Nato’s Secretary General on Monday encouraged members of the alliance to increase their defence spending to meet growing global threats.
Before a week-long meeting of defence ministers, Jens Stoltenberg said tht the alliance should increase its numbers in Iraq and questioned the withdrawal of troops from Afghanistan.
Mr Stoltenberg also called on members to consider making their own militaries carbon neutral.
Nato defence chiefs are to discuss topics from Afghanistan to Iraq and the increasing influence of Russia and China.
A change in atmosphere is expected from previous years after the threats from former US president Donald Trump to end America’s involvement in the 75-year-old alliance.
“This year will be a unique opportunity to start a new chapter for transatlantic relations,” Mr Stoltenberg said in Brussels.
“When we meet, I want to present leaders an ambitious agenda for transatlantic security and defence.”
His main call was for all Nato members to increase funding for deterrence and defence.
“Spending more together would demonstrate the strength of our commitment to Article 5 – our promise to defend each other – and it would contribute to fairer burden-sharing,” Mr Stoltenberg said.
He called for a more robust approach against the “global challenges” facing the alliance.
“China and Russia are at the forefront of an authoritarian push back against the rules-based international order,” Mr Stoltenberg said.
“So we should enhance our political dialogue and practical co-operation with like-minded partners to promote our values and protect our interests.”
With US President Joe Biden launching a global defence review for his country’s forces, it remains unclear how many troops America will keep in Iraq and the wider Middle East.
But Mr Stoltenberg suggested that the US should retain a strong military presence.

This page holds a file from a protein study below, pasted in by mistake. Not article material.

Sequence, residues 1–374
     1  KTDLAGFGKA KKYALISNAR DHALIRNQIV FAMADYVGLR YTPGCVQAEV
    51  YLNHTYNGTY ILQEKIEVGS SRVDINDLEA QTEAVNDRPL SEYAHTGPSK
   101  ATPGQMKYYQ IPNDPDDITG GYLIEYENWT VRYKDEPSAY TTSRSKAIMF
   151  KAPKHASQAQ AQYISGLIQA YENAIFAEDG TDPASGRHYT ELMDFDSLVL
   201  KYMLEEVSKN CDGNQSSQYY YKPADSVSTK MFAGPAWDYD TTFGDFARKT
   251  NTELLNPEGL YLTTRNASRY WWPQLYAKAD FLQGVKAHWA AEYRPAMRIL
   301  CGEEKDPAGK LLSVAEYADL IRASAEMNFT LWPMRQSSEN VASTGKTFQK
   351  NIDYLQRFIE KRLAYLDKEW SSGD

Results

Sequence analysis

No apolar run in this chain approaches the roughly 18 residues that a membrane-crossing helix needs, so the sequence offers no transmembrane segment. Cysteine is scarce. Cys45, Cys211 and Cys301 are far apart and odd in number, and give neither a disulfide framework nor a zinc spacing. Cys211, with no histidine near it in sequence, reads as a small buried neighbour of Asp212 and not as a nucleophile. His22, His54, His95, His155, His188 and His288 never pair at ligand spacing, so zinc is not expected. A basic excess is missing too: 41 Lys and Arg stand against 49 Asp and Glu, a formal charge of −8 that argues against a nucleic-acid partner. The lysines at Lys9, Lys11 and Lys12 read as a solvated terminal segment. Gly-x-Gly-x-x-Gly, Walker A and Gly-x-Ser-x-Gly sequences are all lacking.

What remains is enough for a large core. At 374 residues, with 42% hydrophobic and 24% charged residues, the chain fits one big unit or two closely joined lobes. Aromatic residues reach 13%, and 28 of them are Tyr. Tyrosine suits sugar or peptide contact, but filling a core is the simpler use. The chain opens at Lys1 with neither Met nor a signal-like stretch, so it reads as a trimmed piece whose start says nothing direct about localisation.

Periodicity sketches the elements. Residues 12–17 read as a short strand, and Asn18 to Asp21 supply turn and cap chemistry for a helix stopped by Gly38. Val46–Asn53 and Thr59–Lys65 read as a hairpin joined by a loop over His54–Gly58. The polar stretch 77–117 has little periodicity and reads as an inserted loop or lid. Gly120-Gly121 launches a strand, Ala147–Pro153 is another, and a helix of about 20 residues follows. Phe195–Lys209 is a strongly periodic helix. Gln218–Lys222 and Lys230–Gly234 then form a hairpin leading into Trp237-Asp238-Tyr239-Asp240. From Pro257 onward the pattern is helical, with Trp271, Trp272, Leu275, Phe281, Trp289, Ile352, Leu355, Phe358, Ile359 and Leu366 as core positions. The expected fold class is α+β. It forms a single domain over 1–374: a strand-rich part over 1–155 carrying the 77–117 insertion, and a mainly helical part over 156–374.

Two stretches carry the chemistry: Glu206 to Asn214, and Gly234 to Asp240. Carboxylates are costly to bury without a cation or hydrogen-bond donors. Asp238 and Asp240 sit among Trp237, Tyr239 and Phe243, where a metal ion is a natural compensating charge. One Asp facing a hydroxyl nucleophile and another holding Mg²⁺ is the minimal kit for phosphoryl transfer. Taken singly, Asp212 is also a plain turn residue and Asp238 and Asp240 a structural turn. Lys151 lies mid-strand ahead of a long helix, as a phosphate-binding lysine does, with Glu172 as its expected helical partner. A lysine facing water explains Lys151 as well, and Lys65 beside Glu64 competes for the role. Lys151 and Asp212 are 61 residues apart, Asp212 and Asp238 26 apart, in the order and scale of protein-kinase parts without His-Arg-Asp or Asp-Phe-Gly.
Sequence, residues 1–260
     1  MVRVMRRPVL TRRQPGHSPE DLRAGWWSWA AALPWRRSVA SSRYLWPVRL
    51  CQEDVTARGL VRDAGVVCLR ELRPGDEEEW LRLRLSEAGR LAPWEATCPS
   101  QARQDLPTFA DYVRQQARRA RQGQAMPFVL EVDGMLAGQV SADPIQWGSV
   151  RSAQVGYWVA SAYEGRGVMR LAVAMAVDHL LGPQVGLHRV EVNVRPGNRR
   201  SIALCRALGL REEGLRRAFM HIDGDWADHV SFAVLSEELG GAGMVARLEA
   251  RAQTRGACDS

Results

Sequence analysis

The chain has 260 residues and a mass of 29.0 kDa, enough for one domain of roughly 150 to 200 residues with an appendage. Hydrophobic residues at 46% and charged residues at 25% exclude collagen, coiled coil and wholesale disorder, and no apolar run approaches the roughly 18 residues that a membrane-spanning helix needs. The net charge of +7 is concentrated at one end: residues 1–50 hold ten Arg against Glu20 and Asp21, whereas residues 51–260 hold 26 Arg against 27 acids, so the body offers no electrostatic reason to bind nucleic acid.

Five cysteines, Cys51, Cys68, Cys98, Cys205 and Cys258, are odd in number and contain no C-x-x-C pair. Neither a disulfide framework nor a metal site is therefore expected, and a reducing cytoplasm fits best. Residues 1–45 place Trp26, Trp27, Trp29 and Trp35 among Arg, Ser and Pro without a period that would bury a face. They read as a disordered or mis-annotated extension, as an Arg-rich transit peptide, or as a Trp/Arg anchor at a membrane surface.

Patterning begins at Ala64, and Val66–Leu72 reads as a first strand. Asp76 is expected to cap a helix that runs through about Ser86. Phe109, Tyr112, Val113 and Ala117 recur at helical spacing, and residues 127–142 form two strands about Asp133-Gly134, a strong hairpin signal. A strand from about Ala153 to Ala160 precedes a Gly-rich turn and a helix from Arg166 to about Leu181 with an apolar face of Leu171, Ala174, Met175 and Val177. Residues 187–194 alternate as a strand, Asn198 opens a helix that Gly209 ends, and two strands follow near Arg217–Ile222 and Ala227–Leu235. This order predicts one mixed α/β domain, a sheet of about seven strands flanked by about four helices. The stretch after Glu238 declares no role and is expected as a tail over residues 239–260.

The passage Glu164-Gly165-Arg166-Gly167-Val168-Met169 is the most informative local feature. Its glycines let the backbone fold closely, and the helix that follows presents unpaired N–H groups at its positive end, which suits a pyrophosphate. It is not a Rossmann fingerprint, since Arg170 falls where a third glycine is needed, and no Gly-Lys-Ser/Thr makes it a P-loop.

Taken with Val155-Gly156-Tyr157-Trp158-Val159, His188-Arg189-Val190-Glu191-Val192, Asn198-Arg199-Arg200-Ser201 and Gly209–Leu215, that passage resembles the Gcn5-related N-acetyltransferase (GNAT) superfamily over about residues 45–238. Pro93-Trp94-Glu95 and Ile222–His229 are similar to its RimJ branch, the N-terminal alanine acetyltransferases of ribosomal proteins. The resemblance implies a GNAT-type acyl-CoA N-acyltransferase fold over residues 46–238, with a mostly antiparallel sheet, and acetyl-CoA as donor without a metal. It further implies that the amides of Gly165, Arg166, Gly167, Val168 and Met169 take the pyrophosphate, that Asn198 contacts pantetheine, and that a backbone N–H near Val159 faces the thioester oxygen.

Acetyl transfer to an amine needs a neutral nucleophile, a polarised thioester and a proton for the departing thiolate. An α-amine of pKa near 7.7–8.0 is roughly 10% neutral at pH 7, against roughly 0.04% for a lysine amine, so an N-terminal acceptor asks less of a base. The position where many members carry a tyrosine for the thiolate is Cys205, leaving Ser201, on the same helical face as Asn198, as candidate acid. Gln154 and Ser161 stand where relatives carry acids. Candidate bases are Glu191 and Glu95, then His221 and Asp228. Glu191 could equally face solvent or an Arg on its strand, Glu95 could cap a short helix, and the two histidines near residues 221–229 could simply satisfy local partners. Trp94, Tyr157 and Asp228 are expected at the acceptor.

“Nato’s mission in Iraq is a key contribution to the fight against international terrorism," he said.
"I expect ministers will agree to launch an expanded mission, with more allied personnel training and advising.
“The mission will expand gradually in response to the situation. This follows requests from the Iraqi government so that together we can ensure that ISIS does not return.”
During the summit, defence ministers will discuss whether the 10,000 Nato troops should remain in Afghanistan while Taliban violence rages.
Mr Stoltenberg said that peace talks were fragile and “violence remains unacceptably high”, with continued Taliban attacks on civilians.
Last year, Mr Trump's administration agreed with the Taliban that foreign troops would leave Afghanistan by May 2021 in return for the insurgents cutting ties with Al Qaeda and opening peace talks with the Kabul government.
But Mr Biden's administration said it would review the deal, with the Pentagon accusing the Taliban of not meeting commitments to reduce violence.
Mr Stoltenberg has repeatedly insisted that Nato members must decide together on the future of their mission.
“We need to find the right balance between making sure not to stay longer than necessary but at the same time that we don't leave too early," he said.
"We should not end up in a situation where Afghanistan again becomes a platform or a safe haven for international terrorists."
On climate change, he said that Nato countries had to find the “gold standard on reducing emissions from the military sector”, and contribute to the goal of no carbon emissions.